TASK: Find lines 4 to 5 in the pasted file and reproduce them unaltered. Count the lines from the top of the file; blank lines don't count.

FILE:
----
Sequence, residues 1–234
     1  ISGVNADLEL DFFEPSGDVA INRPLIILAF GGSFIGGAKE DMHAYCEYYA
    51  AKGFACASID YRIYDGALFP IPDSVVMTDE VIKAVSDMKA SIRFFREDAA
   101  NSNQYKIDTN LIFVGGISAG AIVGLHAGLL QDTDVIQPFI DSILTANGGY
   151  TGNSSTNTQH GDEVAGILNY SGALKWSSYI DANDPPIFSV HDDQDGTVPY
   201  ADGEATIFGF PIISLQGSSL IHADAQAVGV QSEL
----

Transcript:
   101  NSNQYKIDTN LIFVGGISAG AIVGLHAGLL QDTDVIQPFI DSILTANGGY
   151  TGNSSTNTQH GDEVAGILNY SGALKWSSYI DANDPPIFSV HDDQDGTVPY